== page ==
A sizeable orchestra, last night using 84 musicians, all current students of The RNCM, but last night's concert was so incredible that being swept up by both the grandeur of the music and the brilliance of the playing and directing, it was impossible to tell or even believe that these were fledgling musicians. Their understanding and empathy for the music they were playing and their skill in playing it was phenomenal.
Their conductor last night was a young Malaysian-born star-in-the-making Harish Shankar. I had until last night never heard of him before, but believe me, this is most definitely a conductor to watch out for. Passionate and exacting - knowing exactly how to ooze out every last morsel of dynamic from every single instrument. The soft passages were cotton wool, whilst the fortissimo was excellently controlled. His craft is undeniable and he was a joy to watch as he exuded both love and confidence.
The first piece on offer was the short but hauntingly beautiful 'Intermezzo' from Mascagni's 'Cavalleria Rusticana'. The observances of dynamics in this piece were superb. The little swells of the strings in the opening section just delightful.
With the second piece, came a complete change of mood and instruments. The Intermezzo is scored predominantly for strings, but now a much fuller orchestra took their places and we welcomed the evening's soloist Iyad Sughayer to the piano for him to play one of the most difficult (may be not technically - but certainly emotionally) piano concertos I know - Aram Khachachurian's piano concerto in D flat major (opus 38).
This concerto is a very exacting piece and a tour-de-force for any orchestra and soloist. Starting loud and exciting the music flirts with tonality and harmony but remains lyrical and melody-full throughout. Sughayer's playing showcased brilliantly in the difficult cadenza of the first movement. Although Khachachurian lived most of his life in Russia, he was born in Armenia and the folk music of his home country surged through his blood and into his music. The second movement starts with one such example as the main theme is a traditional and well-known Armenian folk tune.
The third movement is a thrilling rollercoaster ride to the finale, with the coda being a kind of question and answer session between piano and orchestra which was built up superbly to the last few chords, and then, suddenly, it was all over.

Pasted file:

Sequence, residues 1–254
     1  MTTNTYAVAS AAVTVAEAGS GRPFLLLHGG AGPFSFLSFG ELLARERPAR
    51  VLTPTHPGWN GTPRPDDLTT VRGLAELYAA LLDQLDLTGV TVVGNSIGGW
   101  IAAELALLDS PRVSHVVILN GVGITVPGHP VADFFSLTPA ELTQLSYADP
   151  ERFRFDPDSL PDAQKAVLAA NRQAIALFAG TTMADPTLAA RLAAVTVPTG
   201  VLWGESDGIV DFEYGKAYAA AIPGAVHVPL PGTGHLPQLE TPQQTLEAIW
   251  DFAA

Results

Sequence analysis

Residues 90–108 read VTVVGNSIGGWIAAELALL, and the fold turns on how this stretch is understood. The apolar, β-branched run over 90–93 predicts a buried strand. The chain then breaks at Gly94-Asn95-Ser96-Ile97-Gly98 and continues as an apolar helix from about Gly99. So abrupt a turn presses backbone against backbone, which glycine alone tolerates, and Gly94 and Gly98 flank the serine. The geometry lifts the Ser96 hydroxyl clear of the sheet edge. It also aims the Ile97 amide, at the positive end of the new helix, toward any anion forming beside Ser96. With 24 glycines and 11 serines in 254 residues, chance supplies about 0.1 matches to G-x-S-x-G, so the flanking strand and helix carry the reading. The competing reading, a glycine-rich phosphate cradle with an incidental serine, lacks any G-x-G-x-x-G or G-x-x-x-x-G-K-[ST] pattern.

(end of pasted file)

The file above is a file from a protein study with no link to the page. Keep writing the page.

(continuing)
Sughayer is a Jordanian Palestinian and is still very young, but exudes confidence and plays sublimely and masterly. My only one thought was that he had a tendency to hold the right pedal down too long at times, blurring the sound of the following notes. But that's just a personal preference I guess. He received an undeniably hearty reception and the applause just kept on going. He was therefore kind enough to oblige the audience with a very short encore. A piece for solo piano again by Khachachurian.
After the interval the music came from one of Mother Russia's most tormented composers. Tormented by the state, hounded and denounced as his opera 'Lady Macbeth of Mtensk' was deemed 'Un-Russian'. His response was to compose this his 5th Symphony. It is a highly ironic work. Critically acclaimed by the authorities, it won him favour once again, but secretly the music is so full of him putting two fingers up at the authorities, they must have been blind not to hear that in this wonderfully evocative and comical score. The whole symphony starts with a mock triumphal march sequence, the central section features a Viennese waltz, and the drum beat marking the start of the final section which is a slow and inexorable crescendo into an ironic joyous fanfare to end.
The RNCM Symphony orchestra did both Shostakovich and themselves proud in their playing of this work. It is not an easy piece to interpret, and is very exacting and demanding. It may not have been technically perfect, [not for me to say - but I did hear one of the tutors who had been in the audience mention something along those lines as he was coming out of the concert hall] but it was certainly the most passionate and thrilling I have ever heard this played - and that includes the time I heard the Wiener Symphoniker play it!
It was a most splendid evening and the playing of an incredibly high standard. Thoroughly enjoyable and exciting music, combined with skill and passion from orchestra, conductor and pianist. All I can say is bravissimi tutti!!
Reviewer: Mark Dee
Reviewed: 29th April 2016